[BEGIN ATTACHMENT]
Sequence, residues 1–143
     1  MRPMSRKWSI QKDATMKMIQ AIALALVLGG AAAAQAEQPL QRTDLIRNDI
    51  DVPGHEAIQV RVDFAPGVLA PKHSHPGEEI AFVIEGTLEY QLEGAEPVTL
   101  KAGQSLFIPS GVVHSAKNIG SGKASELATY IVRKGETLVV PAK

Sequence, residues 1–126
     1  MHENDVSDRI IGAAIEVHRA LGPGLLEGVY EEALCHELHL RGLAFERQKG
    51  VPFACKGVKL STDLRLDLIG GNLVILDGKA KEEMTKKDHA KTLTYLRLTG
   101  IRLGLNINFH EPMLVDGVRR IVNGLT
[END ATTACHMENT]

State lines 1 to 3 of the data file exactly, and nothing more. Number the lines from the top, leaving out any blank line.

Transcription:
Sequence, residues 1–143
     1  MRPMSRKWSI QKDATMKMIQ AIALALVLGG AAAAQAEQPL QRTDLIRNDI
    51  DVPGHEAIQV RVDFAPGVLA PKHSHPGEEI AFVIEGTLEY QLEGAEPVTL